The story begins in New England in the USA. When the Iraqi-American Science Association, an organization ministered by Jesuit fathers, had achieved success in its mission to found the Baghdad College Secondary School, it realized the importance of establishing a higher education institute in Iraq. Consequently, a request was presented to the Ministry of Knowledge in April 1955 and approved one month later. In 1956, the new university was named Al-Hikma University – “The Wisdom University” – and the first classes were enrolled for the academic year 1956/57. These classes covered three major disciplines: business, engineering, and liberal arts. In addition, there was a minor class in Arabic studies.
In 1969, two charters were issued. The first provided for the nationalization of the university and the annexation of its colleges by the University of Baghdad and the second established the Baghdad Institute of Technology, which took over the university campus. The Baghdad Institute of Technology became the nucleus for what would become known as the Foundation of Technical Education (FTE). FTE subsequently expanded to reach a total of 42 technical colleges and institutes covering the entire country, a large network which was difficult for a single administrative body to oversee.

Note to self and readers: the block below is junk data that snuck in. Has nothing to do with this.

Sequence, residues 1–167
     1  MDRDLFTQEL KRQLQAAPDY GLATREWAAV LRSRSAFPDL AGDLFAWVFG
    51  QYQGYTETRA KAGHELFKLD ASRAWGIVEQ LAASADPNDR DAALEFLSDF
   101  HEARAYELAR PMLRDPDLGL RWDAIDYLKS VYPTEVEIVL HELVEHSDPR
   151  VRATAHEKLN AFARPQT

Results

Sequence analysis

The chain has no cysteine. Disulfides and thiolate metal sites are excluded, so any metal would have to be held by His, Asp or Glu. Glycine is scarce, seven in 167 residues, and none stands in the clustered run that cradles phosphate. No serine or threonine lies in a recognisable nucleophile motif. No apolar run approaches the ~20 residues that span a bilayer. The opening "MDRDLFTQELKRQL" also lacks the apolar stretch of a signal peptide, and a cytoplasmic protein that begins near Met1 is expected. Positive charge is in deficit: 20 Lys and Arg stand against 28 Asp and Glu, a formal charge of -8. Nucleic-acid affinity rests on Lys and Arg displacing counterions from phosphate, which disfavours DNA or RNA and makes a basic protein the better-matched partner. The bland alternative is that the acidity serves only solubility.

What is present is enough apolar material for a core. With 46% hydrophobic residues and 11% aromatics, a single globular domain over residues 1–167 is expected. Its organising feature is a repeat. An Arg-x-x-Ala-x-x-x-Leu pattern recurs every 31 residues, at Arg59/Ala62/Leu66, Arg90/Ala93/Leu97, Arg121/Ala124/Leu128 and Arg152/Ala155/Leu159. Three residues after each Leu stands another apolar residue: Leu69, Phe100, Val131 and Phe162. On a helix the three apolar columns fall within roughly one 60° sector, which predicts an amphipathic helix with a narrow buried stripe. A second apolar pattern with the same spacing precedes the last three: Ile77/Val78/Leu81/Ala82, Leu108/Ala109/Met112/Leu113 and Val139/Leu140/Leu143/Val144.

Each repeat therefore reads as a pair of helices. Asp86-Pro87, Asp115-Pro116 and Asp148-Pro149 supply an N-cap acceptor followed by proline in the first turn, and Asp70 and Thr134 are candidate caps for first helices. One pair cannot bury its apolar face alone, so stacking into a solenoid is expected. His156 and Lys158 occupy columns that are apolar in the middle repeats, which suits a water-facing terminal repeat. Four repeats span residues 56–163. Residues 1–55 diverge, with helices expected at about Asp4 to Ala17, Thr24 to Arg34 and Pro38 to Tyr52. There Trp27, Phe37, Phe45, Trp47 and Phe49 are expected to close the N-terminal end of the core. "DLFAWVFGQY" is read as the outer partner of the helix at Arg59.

In 2014, another charter was issued to overcome this administrative difficulty. FTE was divided into four technical universities: Northern, Middle, Middle Euphrates, and Southern Technical Universities. Middle Technical University inherited the campus of Al-Hikma University in Baghdad; it now contains six technical colleges and institutes and has additional campuses in four other provinces.